Become a member and get exclusive access to articles, live sessions and more!
Start Your Free Trial

This is the 1st of your 3 free articles

Become a member for unlimited website access and more.

FREE TRIAL Available!

Learn More

Already a member? Sign in to continue reading

Glenn Miller: The Secret Broadcasts

JazzTimes may earn a small commission if you buy something using one of the retail links in our articles. JazzTimes does not accept money for any editorial recommendations. Read more about our policy here. Thanks for supporting JazzTimes.

Although it’s not unusual for record labels to apply some ballyhoo techniques to their promotional campaigns, it does seem especially misleading that RCA chose to cloak its most recent Glenn Miller release in a mantle of mystery. As a follow-up to the well-received British set, The Lost Recordings, The Secret Broadcasts offers a collection of 74 additional wartime transcriptions recorded between March and June 1944, and intended solely for broadcast to servicemen both here and abroad. What is particularly disturbing about the use of the words “lost” and “secret” is that this material has been in wide circulation for many decades, appearing not only on such independent labels as Nostalgia, Rarities, Hep, Magic, Soundcraft, Swing World, Jazz Hour, Big Band Gems, and Jazz Band, but on British and French RCA as well. Given the easy availability of relevant discographies there is simply no excuse for RCA’s deceptive choice of titles.

With authority granted him by the Army Air Force, Captain Miller was able to assemble the most qualified musicians in the service, thereby resulting in the formation of the best and most ambitious orchestra of his career. The men comprising the 17-piece, brass/reeds/rhythm core group and the supplementary 21-man string section were drawn from the leading big bands and symphony orchestras of the day, thus assuring a level of experience far beyond anything to be heard in the then draft-ravaged civilian world. Though jazz was never Miller’s major suit, he was smart enough to understand the tastes of his captive, homesick audience. Thus, wherever possible, he gave solo space to such hot jazzmen as trumpeters Bernie Privin, Bobby Nichols, and Zeke Zarchy, clarinetist Peanuts Hucko, altoman Hank Freeman, tenormen Vince Carbone and Jack Ferrier, and pianist Mel Powell, guitarist Carmen Mastren, bassist Trigger Alpert, and drummer Ray McKinley. While the majority of the arrangements are by Jerry Gray, there are also several choice contributions by Powell, Bill Finegan, and others.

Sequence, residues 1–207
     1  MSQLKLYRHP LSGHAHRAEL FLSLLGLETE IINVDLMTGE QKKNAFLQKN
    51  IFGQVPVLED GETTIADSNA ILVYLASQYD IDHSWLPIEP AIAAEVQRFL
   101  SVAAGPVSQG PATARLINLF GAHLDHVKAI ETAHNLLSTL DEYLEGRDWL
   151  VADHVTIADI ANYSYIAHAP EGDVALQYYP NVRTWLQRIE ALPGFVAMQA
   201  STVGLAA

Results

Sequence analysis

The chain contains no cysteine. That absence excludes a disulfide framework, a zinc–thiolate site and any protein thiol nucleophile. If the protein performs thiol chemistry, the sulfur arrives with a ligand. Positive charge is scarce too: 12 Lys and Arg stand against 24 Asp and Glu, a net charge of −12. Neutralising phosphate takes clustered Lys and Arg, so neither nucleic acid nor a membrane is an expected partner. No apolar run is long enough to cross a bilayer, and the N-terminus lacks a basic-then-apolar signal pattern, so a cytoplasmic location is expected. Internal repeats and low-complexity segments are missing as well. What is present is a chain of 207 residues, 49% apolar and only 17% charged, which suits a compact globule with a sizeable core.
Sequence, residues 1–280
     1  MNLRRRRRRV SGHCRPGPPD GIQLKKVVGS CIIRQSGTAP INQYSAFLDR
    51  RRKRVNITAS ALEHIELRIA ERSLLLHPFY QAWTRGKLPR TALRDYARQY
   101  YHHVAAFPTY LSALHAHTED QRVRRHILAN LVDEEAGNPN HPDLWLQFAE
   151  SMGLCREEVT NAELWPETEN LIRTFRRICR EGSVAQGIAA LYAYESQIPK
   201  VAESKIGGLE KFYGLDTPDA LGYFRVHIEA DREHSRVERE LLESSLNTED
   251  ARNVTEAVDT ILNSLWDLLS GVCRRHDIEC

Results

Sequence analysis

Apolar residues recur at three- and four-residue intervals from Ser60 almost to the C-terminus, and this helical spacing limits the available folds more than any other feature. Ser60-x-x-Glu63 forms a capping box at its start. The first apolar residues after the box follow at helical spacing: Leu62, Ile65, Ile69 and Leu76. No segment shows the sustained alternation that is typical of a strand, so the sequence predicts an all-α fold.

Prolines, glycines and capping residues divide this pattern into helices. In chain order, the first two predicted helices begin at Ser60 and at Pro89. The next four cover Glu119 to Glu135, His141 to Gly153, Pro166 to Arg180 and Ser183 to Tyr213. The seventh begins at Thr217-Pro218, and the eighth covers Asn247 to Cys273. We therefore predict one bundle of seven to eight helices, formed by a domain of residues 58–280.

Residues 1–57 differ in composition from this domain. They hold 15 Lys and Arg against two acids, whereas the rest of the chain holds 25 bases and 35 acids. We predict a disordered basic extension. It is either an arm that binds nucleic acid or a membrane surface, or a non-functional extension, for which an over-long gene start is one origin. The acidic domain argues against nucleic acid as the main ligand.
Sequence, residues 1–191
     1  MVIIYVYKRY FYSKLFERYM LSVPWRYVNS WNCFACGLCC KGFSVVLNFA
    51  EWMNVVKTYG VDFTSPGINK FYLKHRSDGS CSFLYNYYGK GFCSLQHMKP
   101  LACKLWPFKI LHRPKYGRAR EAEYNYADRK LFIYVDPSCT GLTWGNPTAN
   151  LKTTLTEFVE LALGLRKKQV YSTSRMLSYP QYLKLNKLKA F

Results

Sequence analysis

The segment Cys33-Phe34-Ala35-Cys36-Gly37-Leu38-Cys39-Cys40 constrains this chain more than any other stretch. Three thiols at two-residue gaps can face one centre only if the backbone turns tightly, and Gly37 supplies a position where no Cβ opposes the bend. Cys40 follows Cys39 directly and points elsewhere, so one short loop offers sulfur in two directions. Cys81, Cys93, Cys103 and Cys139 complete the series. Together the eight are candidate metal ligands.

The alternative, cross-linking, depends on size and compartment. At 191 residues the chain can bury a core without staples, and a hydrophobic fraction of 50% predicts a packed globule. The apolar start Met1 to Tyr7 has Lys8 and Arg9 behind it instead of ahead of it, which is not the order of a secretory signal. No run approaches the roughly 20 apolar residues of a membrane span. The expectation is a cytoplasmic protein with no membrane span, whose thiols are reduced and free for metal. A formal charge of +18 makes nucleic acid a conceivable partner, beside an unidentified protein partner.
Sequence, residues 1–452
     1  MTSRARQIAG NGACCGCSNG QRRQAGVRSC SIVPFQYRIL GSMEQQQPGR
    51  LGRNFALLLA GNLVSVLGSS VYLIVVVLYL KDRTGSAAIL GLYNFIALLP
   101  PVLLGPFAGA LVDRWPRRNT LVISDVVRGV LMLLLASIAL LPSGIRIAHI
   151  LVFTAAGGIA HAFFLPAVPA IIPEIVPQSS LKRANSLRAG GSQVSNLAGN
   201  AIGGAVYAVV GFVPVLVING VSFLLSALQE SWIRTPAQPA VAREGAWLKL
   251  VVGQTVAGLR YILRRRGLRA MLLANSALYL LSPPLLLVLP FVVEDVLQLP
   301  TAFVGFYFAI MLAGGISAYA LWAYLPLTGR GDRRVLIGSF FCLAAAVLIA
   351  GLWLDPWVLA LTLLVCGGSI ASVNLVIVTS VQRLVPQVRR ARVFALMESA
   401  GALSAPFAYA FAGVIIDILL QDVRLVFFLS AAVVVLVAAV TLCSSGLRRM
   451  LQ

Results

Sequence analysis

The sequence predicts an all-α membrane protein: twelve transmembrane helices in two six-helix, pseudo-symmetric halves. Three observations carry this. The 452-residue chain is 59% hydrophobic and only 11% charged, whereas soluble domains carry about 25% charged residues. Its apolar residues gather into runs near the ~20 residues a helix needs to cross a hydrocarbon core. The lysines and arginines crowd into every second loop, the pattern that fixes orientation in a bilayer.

Even in prewar years, it was Miller’s intention to have a band that played all types of popular music, not just swing. Consequently, when he called a jitterbug-tempoed riff tune, he had his carefully sculpted arrangements uppermost in mind, with his soloists being afforded only so much space as was necessary for variety and lift. Generally speaking, the same priorities were maintained with the wartime band, only here there was a loosening up on the jazz prohibitions and a compensatory emphasis on sweet, semi-symphonic sounds as produced by the strings. Besides the high caliber instrumental work, there are also the vocals of young Johnny Desmond, who is featured on “Moon Dreams,” “Suddenly It’s Spring,” “A Lovely Way To Spend The Evening,” “Speak Low,” “Now I Know,” and high class pop tunes.

Out of the 74 tracks almost half are jazz-based swingers of one kind or another, the most outstanding being Powell’s “Mission To Moscow” and “Bubble Bath” and Fletcher Henderson’s “Stealin’ Apples,” all Goodman-based showcases for Hucko. Of equal interest are Gray’s “Everybody Loves My Baby,” “Blue Is The Night,” “Farewell Blues,” and “String Of Pearls;” Powell’s impressionistic, Debussy/Bix-tinged “Pearls On Velvet;” the Basie-inspired “Here We Go Again,” “It Must Be Jelly,” “Enlisted Men’s Mess,” “9:20 Special,” and “Jeep Jockey Jump;” and Finegan’s relaxed takes on “Oh, Lady Be Good!” and “Rhapsody In Blue,” like “String Of Pearls” an opportunity for Privin to shine in the Hackett mode.